There was a right fuss on our pitch. Two of the campsite staff seemed to be beating the ground with big sticks. One of the lads lifted something above his head with a shout of triumph. It was a dead puff adder – the most venomous snake in Africa. And it had been sharing our shade tree.
We took our motorhome holiday in South Africa looking for adventure, and we certainly found plenty.
It was an amazing gorge. The rock walls reached up and touched the clouds. The woman at the campsite had been right. It was certainly worth the detour off our main route.
I asked Ann to drive up the road and turn round so I could get some good pictures of the motorhome in the amazing scenery.
I hopped out with only my trusty Nikon for protection and Ann and the van disappeared into the distance. Then I saw them, a pair of large and widely spaced eyes peering out at me from a roadside bush.
It was only then I remembered what else the lady at the campsite had said, “The gorge is also a great place to see leopard”.
I don’t know who was more relieved; me or the warthog who finally decided to make a run for it.
We had wanted to come to South Africa since Nelson Mandela put his Rainbow Nation, as he called it, on the long walk to freedom more than a dozen years ago. It is an exciting and beautiful country and there has never been a better time to visit it. We organised our own holiday but that just got much easier with the Club’s overseas holiday operation offering both escorted tours and individual holidays to South Africa.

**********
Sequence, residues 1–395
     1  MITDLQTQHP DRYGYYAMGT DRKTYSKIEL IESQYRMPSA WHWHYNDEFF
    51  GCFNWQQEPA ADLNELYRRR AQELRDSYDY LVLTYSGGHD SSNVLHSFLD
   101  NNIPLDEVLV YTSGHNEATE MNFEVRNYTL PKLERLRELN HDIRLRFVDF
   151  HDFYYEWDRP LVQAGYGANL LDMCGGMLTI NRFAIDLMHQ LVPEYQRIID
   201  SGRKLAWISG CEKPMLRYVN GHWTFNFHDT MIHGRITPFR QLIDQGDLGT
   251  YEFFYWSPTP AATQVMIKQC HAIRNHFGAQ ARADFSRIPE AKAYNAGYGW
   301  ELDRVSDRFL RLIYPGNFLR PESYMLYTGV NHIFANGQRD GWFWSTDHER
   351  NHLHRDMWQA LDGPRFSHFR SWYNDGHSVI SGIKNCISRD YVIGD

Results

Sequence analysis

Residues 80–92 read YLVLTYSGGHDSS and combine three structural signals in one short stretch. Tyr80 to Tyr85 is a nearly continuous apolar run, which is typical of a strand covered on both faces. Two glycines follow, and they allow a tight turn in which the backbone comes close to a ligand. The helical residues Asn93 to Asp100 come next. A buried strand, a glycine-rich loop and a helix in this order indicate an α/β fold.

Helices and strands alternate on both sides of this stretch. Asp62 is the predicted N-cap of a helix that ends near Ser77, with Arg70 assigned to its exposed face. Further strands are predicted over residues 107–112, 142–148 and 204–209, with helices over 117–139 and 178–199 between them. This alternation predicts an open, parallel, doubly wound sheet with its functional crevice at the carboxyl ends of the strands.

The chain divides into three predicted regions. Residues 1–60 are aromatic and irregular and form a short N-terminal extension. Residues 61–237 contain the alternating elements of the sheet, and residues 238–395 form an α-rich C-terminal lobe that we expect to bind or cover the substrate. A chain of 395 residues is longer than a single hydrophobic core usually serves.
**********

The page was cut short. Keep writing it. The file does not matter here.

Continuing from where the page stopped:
This is a country of game parks, wildlife, wilderness and deserts as well as sophisticated cities, holiday resorts, historic sites and fabulous beaches. Our first adventure was Addo National Park famous for its herds of over 400 wild elephants. On the road to the park a herd of springbok – South Africa’s national symbol – bounded alongside our motorhome to welcome us to Africa.
You judge game parks by how many of the ‘Big Five’ they have, lion, leopard, elephant, buffalo and rhino. Addo doesn’t have rhino but as the park is coastal it claims a ‘Big Six’ adding the southern right whale and the great white shark!
We wondered how the seemingly humble buffalo got into the premier league. In fact it is the most dangerous of all. It is the only one that will attack vehicles without warning and it can upturn a motorhome with a flick of its head.
The campsite at Addo was impressive. There were guided game drives, an excellent shop and a good restaurant as well as great pitches. Food was good and not expensive although it was a little disconcerting to be out all day watching kudo, bushbuck and hartebeest and the finding kudo kebabs in the site shop and hartebeest and bushbuck casserole on the restaurant menu.
A floodlit waterhole gave wonderful evening game viewing. It was the most spectacular campsite entertainment ever. We took a guided night game drive. It was amazing how much we saw in the spotlight beam. We never saw the lion that we could hear roaring in the bushes worryingly close to our totally unprotected Landrover. We did see elephant, jackal, buffalo and even porcupine and indeed a score of other species. It was certainly a night to remember.